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Books 249 who would pay several thousand pounds for a plasticreplica of the first as a fool who is best parted from his money. I am of the view that representationalpaintingsof real objects and sceneslosttheir importancewhenphotography,especiallyin colour,wasdeveloped to makesuchpictures.But photographers canonlycapturethehere-and-now;painterscanmakedepictions of the past and of the future, a flatteringportrait of a Duchess and a picture of a nonexistent unicorn. That theancientGreeksr e a l i i that art need not be figurative is illustratedby Pliny’s story of Apelles goingto Rhodes to visit Protogenes. Protogenes was away, so the Athenian artist left a messageconsistingof a singlelinetoindicatehehad called.When Protogenes returned, he recognized who had drawn the line, drew a second one within the edges of the first, and told his servantto giveit to Apelleswith thewords‘Thisisthe person for whom you wereenquiring’.Apelles, on his following unsuccessful visit left after drawing another line within the second one. When Protogenes returned and saw this third line, he confessed himself outmastered. Someof thenon-traditionalapproachestopaintingseentoday have been tried before. CorneliusKetel, a Dutch painter from Gouda, who visited London in 1573 and finally settled in Amsterdam, used his bare hands and his feet to apply paint [l]. Alexander Cozens, a Russian landscape painter who chiefly practised as a drawing master in London, used a technique, perhaps based upon a hint of Leonard0 da Vinci, consisting of dropping blobs of paint onto a piece of paper in a random fashion[2].Although someof hiseffortswerepleasingto the eye, they were said to be best viewed through a darkcoloured lens! The above points cast serious doubt on Gablik’s argument that contemporary art represents, in terms of Piaget’s observation of an ordered development of sensory awareness in children, a peak of artistic perfection beyond which further ‘evolution’ is unimaginable. An analogy between Piaget’s observation and the temporalsuccession of visualart workscan certainlybe drawn,but it iswell known that analogiesshouldbe treated with caution. References 1. C. Ketel, in The Percy Anecdotes, Vol. 8, The Fine Arts; under Finger Painter, p. 355 of The Chandos Classics Verbatim Reprint (London: Frederick Warne, 1870). 2. A. Cozens,cf. Ref. 1 under Chance Sketching,p. 380. American Art. John Wilmerding. Penguin Books, Harmondsworth,England,and Baltimore,Maryland, 1976.332 pp.. illus. €16.00; $40.00. Reviewed by LeCrace Benson’ Thereis a need for a book on the historyof art in the USA. that combines sound scholarship with lively writing. There is no reasonwhy a wellconceivedbook cannotmeet the needsof both beginningstudentsand generalreaders.Sucha book would offer somethingmore than factsand correct writing.An outstanding work in art history,and there are many, should be informed, in thestrictestsenseof that word,by unifiedconceptsofhistory and of art. In certain classics of the field, Panofsky’s Early Netherlandish Pointing. for example,the view of history and the view of art are resonantly unified. Used as texts for college classrooms, such works help to produce an intellectual climate for students that is truly humanistic. Perhapsit is the changein book publishingof the last decade that has led to the proliferationof look-alike,read-alike books, all aimed at the same vast audience in the U.S.A. of first and second year studentsin socalled surveycoursesthat ridiculously purport to give students the ‘grand sweep of history’. ‘Housemaid’shistory’ might be a more apt term. A shift from scholarship, literary values and, at the very least, pedagogical validity as prime criteria to profitability as the chief goal has resultedina veritablesupermarketofsimilartextsforpredictable courses, stacked side by sidein college bookstoreslike so many boxes of competingcornflakes. Only the raucous packages are different. *C/OEmpire State College, Northeast Learning Center, 135 Western Ave., Albany, NY 12203, U.S.A. Regrettably,sincethere issucha deepneed forsomethingelse, Wilmerding’s American Art unexceptionally exemplifies the current practice. It lacks a unified and distinctivepoint of view towardeitherhistoryor art, much lessthe two together.Opinion abounds throughout, but not a point of view. It is point of view that gives the selection‘of a few items from the innumerable available items, the few facts, the few esthetic concepts some coherence-some ‘common sense’. Lacking point of view, this version of art in the USA. is something like the old grandmother’scrazyquiltof fascinatingbits and pieces too good to throw...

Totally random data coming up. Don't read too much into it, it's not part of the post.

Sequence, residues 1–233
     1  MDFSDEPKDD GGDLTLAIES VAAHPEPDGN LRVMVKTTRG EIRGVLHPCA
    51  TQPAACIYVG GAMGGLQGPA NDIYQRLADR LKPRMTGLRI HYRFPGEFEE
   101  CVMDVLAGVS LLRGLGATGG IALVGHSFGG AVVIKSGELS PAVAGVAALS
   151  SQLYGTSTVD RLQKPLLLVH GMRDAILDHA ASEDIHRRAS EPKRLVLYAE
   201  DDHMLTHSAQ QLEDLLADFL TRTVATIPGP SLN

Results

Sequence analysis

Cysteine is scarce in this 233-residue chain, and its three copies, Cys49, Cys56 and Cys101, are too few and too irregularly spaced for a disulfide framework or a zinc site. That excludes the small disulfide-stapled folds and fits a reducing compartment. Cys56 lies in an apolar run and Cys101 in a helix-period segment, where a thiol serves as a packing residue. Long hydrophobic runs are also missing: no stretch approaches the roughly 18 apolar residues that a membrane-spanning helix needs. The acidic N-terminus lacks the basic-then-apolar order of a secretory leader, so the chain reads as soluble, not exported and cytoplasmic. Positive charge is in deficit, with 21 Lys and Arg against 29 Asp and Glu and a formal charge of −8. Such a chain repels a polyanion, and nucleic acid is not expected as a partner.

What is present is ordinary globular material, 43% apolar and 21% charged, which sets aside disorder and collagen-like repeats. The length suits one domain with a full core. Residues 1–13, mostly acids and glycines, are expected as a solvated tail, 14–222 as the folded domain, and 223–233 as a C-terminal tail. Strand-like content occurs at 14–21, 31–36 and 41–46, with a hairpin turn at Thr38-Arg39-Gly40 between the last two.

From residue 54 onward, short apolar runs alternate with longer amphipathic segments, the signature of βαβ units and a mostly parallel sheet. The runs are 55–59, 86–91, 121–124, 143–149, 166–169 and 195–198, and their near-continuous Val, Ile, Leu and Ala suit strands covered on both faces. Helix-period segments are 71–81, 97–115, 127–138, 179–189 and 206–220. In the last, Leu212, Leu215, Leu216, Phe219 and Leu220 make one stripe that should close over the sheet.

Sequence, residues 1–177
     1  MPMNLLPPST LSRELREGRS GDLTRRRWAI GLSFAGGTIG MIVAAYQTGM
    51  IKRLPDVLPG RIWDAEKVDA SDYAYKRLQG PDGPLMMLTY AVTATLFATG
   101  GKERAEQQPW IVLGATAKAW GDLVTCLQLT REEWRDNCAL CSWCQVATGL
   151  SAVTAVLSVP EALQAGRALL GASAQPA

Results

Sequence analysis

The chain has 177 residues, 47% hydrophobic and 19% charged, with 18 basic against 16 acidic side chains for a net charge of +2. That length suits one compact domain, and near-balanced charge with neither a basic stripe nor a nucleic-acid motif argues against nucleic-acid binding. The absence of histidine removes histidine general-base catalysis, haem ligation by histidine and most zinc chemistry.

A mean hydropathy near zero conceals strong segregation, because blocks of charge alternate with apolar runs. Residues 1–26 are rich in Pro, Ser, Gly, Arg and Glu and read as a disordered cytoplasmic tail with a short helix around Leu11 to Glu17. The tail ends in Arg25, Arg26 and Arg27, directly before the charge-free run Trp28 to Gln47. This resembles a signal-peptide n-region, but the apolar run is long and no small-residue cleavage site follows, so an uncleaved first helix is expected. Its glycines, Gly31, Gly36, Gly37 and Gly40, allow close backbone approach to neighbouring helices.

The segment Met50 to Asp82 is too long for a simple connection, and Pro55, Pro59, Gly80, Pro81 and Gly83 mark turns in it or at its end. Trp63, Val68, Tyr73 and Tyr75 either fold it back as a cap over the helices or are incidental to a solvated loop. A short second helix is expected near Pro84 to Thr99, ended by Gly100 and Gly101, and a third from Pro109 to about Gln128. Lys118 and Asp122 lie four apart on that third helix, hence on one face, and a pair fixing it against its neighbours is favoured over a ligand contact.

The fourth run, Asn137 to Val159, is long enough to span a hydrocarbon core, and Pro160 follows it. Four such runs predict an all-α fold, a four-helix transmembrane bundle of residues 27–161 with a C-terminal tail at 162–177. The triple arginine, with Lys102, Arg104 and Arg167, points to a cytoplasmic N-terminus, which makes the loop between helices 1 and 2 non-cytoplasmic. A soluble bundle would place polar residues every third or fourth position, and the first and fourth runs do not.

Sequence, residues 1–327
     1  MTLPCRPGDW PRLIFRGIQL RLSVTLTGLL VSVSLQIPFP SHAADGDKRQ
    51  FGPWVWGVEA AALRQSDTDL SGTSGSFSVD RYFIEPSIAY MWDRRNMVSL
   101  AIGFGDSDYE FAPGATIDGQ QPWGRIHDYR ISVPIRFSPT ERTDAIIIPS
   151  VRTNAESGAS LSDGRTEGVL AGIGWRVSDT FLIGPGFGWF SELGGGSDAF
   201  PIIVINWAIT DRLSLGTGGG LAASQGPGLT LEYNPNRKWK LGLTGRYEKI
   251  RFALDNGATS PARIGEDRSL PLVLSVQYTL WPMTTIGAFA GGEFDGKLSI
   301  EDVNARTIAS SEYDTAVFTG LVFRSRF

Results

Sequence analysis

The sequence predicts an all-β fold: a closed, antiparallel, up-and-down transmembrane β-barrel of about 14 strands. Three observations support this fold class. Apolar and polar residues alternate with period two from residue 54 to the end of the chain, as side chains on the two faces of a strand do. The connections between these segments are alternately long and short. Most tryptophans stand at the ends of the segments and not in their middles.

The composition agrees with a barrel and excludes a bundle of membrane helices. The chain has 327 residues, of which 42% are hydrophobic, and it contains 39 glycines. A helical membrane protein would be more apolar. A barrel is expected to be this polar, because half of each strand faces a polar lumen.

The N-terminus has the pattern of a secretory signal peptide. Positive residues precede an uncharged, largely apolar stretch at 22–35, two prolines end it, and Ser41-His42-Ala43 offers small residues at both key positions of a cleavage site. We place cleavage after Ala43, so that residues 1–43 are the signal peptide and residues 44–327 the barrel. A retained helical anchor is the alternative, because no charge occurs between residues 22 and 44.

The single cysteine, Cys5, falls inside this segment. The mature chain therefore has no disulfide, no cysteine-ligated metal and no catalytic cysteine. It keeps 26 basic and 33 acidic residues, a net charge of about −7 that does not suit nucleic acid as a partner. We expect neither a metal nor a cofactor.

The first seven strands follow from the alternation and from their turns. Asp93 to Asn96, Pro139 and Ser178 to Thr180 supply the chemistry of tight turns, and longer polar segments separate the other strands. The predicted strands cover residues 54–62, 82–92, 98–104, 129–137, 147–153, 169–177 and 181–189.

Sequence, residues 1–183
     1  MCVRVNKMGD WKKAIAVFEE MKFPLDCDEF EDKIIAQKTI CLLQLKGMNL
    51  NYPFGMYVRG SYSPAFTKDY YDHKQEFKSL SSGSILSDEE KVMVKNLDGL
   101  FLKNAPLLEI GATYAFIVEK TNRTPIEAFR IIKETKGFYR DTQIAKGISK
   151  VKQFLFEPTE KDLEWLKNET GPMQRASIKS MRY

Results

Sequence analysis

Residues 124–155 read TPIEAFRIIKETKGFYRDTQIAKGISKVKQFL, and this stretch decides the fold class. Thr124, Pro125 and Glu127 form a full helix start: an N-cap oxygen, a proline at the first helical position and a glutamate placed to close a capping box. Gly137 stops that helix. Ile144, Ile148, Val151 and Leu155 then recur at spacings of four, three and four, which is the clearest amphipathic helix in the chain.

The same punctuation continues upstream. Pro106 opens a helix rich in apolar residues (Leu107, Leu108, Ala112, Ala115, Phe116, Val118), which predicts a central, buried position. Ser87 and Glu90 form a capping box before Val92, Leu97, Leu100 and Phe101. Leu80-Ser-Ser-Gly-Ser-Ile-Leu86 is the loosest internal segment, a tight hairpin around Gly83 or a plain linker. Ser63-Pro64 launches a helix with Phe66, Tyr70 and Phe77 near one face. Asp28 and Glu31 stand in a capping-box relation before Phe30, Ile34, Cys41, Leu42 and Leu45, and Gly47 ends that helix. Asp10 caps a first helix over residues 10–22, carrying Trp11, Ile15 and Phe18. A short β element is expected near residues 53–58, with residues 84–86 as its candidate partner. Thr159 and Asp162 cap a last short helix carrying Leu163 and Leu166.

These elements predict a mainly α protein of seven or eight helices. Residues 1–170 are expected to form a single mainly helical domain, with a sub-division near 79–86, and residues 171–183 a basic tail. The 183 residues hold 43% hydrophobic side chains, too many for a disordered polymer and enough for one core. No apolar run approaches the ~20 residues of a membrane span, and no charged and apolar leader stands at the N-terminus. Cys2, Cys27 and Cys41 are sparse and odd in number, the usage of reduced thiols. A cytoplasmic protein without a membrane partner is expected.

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pp. 249-250
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